Health officials say that those who have demonstrated ‘that they face serious structural financial issues’, often arising from PFI arrangements, could receive extra help.
To meet the criteria for such support, a shortlist of affected Trusts would need to demonstrate that they had met four key tests set by the Government:
• The problems they face should be exceptional and beyond those faced by other organisations;
• They must be able to show that the problems they face are historic and that they have a clear plan to manage their resources in the future;
• They must show that they are delivering high levels of annual productivity savings;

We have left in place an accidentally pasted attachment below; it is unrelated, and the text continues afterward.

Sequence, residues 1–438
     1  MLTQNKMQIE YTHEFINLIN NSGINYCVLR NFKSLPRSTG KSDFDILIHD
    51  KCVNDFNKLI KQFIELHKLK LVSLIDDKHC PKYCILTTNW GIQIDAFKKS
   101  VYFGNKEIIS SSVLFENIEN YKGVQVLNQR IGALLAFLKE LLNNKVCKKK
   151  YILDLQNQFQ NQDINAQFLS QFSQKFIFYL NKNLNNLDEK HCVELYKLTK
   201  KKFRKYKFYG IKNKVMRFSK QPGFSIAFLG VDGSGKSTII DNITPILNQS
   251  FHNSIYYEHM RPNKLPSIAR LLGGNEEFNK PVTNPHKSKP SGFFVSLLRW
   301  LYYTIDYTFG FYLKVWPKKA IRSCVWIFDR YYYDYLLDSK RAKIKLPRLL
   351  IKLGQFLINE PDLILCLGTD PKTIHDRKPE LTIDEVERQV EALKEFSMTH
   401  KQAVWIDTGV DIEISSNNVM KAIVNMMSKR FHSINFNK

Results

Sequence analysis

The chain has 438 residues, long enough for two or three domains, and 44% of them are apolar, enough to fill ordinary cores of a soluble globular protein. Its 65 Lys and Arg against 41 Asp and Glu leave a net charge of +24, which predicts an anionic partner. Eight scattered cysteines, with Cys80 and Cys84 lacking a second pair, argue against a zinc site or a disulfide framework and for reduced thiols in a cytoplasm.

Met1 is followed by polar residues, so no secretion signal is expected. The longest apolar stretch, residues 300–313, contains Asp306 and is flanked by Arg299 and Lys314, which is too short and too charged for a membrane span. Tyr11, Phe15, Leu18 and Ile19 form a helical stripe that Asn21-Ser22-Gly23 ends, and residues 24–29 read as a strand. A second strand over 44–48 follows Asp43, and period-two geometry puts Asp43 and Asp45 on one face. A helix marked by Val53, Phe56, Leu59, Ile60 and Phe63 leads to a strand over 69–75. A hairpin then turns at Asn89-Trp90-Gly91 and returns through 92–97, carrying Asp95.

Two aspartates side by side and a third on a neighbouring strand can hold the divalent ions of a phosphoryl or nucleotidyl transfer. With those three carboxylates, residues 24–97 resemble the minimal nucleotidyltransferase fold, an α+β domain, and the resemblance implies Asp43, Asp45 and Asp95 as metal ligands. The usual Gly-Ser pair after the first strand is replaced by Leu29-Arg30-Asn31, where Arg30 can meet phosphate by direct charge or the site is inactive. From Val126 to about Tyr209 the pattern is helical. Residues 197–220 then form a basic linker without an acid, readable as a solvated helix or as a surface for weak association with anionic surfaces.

• They must deliver clinically viable, high-quality services, including delivering low waiting times and other performance measures.
Any Trusts that can satisfy the rigorous tests will have access to financial support of up to £1.5bn in total over a period of 25 years.
Health Secretary Andrew Lansley said: “The NHS is delivering great results for patients but we know that a small number of NHS Trusts with PFI arrangements have historic problems relating to these arrangements that make it very difficult for them to manage financially.
“We need to balance the accountability of the NHS at local level to live within its means on one hand, with recognising that there is a legacy of debt for some Trusts with PFI schemes. And we need to be certain that those NHS Trusts that face historic financial problems are not taking their eye off the most important issue of all – maintaining and improving their frontline patient care.”